HOW MI­GRA­TION PAT­TERNS DIF­FER

Bird Watching (UK) - - Species Knot & Dunlin -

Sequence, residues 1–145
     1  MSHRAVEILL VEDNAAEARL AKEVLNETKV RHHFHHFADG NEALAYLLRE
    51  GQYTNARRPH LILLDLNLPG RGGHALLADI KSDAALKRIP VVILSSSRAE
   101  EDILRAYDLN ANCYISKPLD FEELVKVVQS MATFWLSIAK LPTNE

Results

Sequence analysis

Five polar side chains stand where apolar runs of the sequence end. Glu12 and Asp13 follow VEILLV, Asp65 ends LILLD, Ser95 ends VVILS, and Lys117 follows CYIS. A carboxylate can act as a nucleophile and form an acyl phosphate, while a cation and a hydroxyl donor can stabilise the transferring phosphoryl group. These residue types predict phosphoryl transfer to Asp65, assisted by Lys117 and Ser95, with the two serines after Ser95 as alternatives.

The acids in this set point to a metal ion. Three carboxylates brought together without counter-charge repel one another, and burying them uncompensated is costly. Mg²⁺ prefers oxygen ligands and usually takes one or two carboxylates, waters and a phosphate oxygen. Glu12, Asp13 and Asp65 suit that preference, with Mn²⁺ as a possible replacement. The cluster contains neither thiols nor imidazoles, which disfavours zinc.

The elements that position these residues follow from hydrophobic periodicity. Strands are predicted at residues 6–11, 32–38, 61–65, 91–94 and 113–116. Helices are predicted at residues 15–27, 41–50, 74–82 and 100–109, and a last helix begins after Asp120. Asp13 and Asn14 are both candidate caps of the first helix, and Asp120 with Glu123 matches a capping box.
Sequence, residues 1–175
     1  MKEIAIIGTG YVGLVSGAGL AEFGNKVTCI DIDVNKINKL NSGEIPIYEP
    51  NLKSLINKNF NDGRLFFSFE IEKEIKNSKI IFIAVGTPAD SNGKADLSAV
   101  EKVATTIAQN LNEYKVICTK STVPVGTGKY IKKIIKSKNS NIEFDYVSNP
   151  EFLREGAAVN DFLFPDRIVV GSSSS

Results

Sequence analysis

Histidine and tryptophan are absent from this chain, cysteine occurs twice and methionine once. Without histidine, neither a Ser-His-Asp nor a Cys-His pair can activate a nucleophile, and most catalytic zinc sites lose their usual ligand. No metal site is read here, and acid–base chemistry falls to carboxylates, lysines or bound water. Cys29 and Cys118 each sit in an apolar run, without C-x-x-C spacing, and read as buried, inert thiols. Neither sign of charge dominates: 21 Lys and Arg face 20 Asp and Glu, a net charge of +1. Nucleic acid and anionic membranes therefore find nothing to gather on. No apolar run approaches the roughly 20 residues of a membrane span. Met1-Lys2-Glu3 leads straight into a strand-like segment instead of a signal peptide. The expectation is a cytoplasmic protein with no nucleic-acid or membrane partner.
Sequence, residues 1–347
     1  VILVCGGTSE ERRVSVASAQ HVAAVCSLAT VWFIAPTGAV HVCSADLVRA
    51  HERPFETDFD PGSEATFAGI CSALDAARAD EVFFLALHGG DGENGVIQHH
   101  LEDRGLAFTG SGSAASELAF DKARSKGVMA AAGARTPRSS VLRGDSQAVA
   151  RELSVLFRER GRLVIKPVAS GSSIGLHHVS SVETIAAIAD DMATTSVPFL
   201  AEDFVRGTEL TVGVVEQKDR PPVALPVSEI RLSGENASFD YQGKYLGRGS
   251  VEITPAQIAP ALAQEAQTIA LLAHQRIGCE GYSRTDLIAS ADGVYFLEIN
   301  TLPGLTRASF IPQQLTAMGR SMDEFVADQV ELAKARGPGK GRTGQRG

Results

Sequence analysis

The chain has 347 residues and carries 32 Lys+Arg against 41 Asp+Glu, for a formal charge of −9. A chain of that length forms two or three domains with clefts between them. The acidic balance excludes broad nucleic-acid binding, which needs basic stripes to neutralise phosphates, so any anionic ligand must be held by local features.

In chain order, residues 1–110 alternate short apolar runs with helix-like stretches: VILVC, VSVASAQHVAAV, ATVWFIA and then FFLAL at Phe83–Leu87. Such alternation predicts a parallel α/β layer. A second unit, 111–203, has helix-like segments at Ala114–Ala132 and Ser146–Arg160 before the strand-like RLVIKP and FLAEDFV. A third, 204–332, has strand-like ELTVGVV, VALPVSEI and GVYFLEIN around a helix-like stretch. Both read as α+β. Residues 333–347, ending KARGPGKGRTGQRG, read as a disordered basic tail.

Most Dun­lin that we see on Bri­tish coast­lines in win­ter breed in Arc­tic Eura­sia, while our Knots are from the west, in­clud­ing Green­land and even Arc­tic Canada. In the spring, both Knot and Dun­lin fly in bulk to the Wad­den­zee, off the Nether­lands and Ger­many, to fat­ten up for their flights north. The Knot’s mi­gra­tion is re­mark­able, be­cause they are thought then to fly to Ice­land in one hop, and then on to their ex­treme north­ern breed­ing ar­eas in an­other long flight. The Dun­lin, smaller and less pow­er­ful, need not per­form such a feat. They might take a short hop to Fen­noS­can­dia, or as far east as the White Sea. They have no need for marathon flights. The point is, though, that as soon as the win­ter ends, th­ese ap­par­ently sim­i­lar birds be­gin to di­verge in pro­found ways. They look sud­denly very dif­fer­ent, sound dif­fer­ent and mi­grate in op­po­site di­rec­tions. I would ven­ture to sug­gest that it is then, and only then, that a Knot could be un­mis­tak­able from the Dun­lin.

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